A sheet of iron plate of DIN A4 dimensions, 0.3 mm thick, (plain), so-called black plate of the composition: C 0.06%, Si 0.01%, Mn 0.25%, P 0.010%, S 0.020%, balance iron, is immersed in an electrolyte bath of 0.25 n-sodium hydroxide solution. The black plate was then first used as cathode for one second, then as anode for one second, and then once more as cathode for one second. The current density was again 70 A/m2 sheet. It was then removed from the electrolyte path and washed with distilled water until the rinsing water was free from alkali. Thereafter the hydrophility test was performed as described above; black plate electrolytically treated in the described manner proved to stay hydrophilic for one hour. After that period, the surface of the black plate does not turn hydrophobic; instead, formation of distinctly colored iron oxide begins, which is hydrophilic.
Another fact discovered, which represents an essential part of this invention, is that the hydrophilic condition of metal surfaces hydrophilized in the ways described above and/or metal oxide surfaces can be preserved temporarily.
Preservation is accomplished by applying, preferably immediately upon completion of the hydrophilization process, a coating of a chemical composition which is soluble in both water and organic solvents; preferred coating materials are glycols, amines, alkanol amines as well as gelatin and gelatin-like substances.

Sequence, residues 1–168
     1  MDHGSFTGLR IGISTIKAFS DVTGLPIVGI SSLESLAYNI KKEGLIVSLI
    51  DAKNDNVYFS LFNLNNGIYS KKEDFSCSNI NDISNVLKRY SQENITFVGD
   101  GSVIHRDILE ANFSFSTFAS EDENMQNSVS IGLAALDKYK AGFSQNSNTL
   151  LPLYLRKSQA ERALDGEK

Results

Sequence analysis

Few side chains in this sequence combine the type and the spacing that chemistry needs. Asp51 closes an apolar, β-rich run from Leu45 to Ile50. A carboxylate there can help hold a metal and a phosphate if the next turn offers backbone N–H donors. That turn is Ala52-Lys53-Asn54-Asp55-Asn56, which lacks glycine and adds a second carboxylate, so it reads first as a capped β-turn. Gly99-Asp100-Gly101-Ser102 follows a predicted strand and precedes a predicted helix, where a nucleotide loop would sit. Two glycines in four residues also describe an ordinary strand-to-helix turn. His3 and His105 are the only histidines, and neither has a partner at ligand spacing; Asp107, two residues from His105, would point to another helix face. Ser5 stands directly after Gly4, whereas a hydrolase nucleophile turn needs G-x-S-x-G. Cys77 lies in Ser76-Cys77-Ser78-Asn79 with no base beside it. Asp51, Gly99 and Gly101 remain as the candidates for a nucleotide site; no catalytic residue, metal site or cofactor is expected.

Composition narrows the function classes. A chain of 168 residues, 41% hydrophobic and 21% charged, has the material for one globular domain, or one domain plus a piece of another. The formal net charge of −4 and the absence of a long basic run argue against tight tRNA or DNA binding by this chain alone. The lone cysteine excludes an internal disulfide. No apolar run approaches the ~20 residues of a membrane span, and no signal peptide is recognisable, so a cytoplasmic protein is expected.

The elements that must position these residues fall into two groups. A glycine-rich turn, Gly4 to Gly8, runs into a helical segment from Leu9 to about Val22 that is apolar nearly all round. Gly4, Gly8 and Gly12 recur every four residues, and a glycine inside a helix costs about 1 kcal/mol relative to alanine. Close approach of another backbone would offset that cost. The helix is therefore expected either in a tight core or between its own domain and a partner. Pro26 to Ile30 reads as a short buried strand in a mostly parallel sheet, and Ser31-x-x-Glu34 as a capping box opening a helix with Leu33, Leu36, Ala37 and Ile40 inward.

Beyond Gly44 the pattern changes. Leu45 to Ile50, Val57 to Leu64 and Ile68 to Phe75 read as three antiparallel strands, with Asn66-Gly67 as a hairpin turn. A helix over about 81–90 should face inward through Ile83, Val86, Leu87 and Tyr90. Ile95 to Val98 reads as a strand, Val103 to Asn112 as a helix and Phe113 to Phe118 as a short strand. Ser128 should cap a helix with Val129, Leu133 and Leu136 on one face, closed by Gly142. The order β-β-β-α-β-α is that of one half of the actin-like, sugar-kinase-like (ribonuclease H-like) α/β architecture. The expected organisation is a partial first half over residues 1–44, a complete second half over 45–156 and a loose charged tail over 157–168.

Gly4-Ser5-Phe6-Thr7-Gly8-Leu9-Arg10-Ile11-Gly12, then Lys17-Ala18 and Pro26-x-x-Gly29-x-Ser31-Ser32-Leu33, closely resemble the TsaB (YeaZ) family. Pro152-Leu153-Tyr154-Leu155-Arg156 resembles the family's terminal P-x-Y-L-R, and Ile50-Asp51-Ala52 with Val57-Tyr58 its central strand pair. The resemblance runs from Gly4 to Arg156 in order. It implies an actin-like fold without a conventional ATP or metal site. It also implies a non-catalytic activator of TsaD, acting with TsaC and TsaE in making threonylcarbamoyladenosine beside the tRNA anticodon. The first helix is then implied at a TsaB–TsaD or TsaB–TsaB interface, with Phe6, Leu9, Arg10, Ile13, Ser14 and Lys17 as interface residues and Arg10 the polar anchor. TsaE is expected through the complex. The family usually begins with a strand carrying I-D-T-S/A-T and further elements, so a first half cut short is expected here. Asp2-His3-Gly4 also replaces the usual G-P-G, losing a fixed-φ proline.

Other suitable coating agents are gum arabic, iso-paraffins and/or polyparaffins in the form of solutions and/or emulsions.
These coating agents produce the desirable effect of excluding and/or preventing access of air oxygen and/or air humidity to the hydrophilic metal surfaces and/or metal oxide surfaces.
An example of how a hydrophilized metal surface is preserved is described below.
The aluminum sheet hydrophilized as per Example 1 is preserved immediately upon completion of the hydrophilication treatment by applying tetraethylene glycol, for instance by spraying; alternatively, the preservation effect can be achieved by passing the hydrophilized metal sheet through a tetraethylene glycol bath immediately after hydrophilization.